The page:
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APRA looks to deep dive on super funds unlisted assets

Mike Taylor30 November 2023
Magnifying glasses focusing on victim

The Australian Prudential Regulation Authority (APRA) is proposing to demand more information from superannuation funds on their unlisted asset exposures.

The regulator has made its intentions clear as part of its data transformation project noting that with an increased focus on unlisted assets and valuations of those assets, it is proposing to collect the exposures of all directly-held investments in unlisted assets (with no materiality threshold) and their valuation information.

As well, APRA said it proposed to collect information on material unlisted investments held through unlisted investment vehicles, including special purpose vehicles and wholly vehicles.

“APRA seeks feedback on the proportionality of the proposed materiality threshold to the complexity of RSE licensee’s investment arrangements and the availability of valuations data for these investments on a look through basis,” the regulator’s discussion paper said.

“APRA seeks feedback on any asset classes and/or investment structures that would be challenging to report on a look through basis, and any alternative information the RSE licensee uses to address this challenge. APRA is open to applying a different materiality threshold in respect of indirectly held unlisted assets if it is helpful to industry. At a minimum APRA proposes that information on the value or proportion of assets revalued in the quarter would be reported. If the proposed data on valuation methodology is not available, RSE licensees may report ‘not available’.”

Mike Taylor

Mike Taylor

Managing Editor/Publisher, Financial Newswire

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Chris
2 months ago

This is long overdue; people should have the right to expect that when they are allocating money to a superannuation fund, the true value is being used when the transaction is made.
In addition however, APRA should ensure the full fees for these unlisted assets are disclosed to investors.

James
2 months ago

APRA at their own pace and time, reminds me of a new employee with little experience, the discount rate applied commenced well over 1 year ago without much change to valuation, and the performance sprucing continues unabated, the maths should not be distorted , a pathetic sub scale reactive regulator with little or no accountability to deal with vested interests

Shame Review
2 months ago
Reply to  James

“APRA is open to applying a different
materiality threshold in respect of indirectly held unlisted assets if it is helpful to industry”. (i.e, if it’s helpful to Industry Super)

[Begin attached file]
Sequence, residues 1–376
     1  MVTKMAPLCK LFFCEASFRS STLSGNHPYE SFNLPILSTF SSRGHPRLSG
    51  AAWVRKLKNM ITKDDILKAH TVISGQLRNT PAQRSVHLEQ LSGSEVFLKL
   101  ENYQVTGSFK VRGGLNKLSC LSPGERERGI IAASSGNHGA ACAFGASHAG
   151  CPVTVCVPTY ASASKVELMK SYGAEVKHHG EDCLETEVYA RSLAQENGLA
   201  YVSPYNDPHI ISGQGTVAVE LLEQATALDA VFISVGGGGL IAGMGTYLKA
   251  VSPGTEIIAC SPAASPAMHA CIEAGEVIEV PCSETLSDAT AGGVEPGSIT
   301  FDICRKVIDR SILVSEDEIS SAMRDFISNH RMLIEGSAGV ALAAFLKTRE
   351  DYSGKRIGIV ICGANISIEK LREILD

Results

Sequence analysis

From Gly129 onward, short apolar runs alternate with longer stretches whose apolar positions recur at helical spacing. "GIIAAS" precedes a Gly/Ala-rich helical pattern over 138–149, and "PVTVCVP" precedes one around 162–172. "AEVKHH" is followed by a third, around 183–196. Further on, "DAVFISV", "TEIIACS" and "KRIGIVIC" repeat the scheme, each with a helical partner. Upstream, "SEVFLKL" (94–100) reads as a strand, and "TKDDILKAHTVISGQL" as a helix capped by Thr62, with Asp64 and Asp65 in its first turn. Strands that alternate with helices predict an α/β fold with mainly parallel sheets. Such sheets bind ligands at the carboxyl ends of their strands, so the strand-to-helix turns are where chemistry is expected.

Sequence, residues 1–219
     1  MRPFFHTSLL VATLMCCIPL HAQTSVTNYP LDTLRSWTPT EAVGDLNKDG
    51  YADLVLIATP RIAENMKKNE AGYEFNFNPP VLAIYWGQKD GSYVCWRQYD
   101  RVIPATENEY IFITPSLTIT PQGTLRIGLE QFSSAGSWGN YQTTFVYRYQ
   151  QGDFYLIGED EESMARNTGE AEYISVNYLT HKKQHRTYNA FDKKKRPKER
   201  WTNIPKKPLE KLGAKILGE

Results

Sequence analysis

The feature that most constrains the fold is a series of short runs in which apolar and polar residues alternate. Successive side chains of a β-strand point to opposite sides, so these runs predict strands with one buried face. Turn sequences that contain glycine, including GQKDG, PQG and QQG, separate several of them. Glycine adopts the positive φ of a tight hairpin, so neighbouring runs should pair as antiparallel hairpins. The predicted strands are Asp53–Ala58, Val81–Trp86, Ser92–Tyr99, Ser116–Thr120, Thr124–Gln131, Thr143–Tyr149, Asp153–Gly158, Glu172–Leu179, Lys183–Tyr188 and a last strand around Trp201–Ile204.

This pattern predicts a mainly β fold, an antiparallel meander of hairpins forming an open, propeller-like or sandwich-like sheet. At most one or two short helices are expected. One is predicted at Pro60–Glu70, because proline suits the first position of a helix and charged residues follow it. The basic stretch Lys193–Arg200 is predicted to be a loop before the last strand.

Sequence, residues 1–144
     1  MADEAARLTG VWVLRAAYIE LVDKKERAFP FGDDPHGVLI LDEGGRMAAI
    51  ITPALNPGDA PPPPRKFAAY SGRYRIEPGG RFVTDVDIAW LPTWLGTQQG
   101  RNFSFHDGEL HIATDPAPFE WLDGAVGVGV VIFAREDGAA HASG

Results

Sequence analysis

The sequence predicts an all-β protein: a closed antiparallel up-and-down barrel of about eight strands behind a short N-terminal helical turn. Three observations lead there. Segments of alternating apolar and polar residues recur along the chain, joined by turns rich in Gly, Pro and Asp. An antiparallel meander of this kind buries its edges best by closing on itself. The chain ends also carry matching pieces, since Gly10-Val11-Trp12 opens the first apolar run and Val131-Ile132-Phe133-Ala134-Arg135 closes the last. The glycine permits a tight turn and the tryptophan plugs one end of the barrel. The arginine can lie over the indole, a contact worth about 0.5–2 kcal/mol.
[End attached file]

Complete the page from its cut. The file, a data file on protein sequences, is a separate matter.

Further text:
“If the proposed data on valuation methodology is not available, RSE licensees may report ‘not available’.”

So APRA are going to ask Industry Super, what, how and when they want to report Unlisted Valuations and effectively let Industry Super report “not available” to keep cooking to books.
No doubt APRAs efforts will be useless and just a window dressing to say it’s been looked at.
REGULATORY CAPTURE CORRUPTION at its worse.

Simon Disney
2 months ago

A welcome, albeit long overdue reform. Unlisted assets should be valued/repriced annually or, for example, if the commercial property market, office buildings etc moves by more than 5%.

bemused
2 months ago

APRA clearly don’t have the skill set to carry out the prudential regulation of the superannuation sector. Too focused on Banks and Credit Unions, we’ve seen Super funds allowed to operate without any regulation.

What we need is a Royal Commission into both ASIC and APRA. An investigation into the incompetence, the duplication and the clear corruption in the Australian Public Service.

Lies, lies and more lies
2 months ago

Nothing to see here,
Hon Wayne Swam has confirmed today that CBUS ( and also other Industry Super Funds) have the only commercial property in the world that has not decreased in value by any amounts that all the rest of real value’s of the same asserts have.
It’s like a magic pudding that only ever grows in value.

Richard Cranium
2 months ago

Coincides with a stronger push from retail investment managers to allocate capital to this opaque area of the market… we can’t have everyone making up annual returns… If you cant beat them join them… so regulators are forced to start doing their job.

Edward
2 months ago

And I’m sure the regulators have no idea that by encouraging this move they’ve increased the risk exposure of the majority of everyday Australian’s super. It’s all fine in a long term bull market but when markets hit a prolonged downturn people will be shocked to see the result. It will be the next royal commission and the regulators and legislators will take no responsibility, in fact they’ll no doubt try to shift the blame to advisers.

The bigger risk will be what happens when a big industry fund suffers massive losses on unlisted assets. Will the Government step in to bail them out and cement the moral hazard in place for all time?

Neil
2 months ago

The unlisted asset value issue has been going on for YEARS !? Too little too late in my opinion.
In addition, what about asset allocations which don’t fit the label ? Since when does a balanced fund have circa 85% growth assets ?????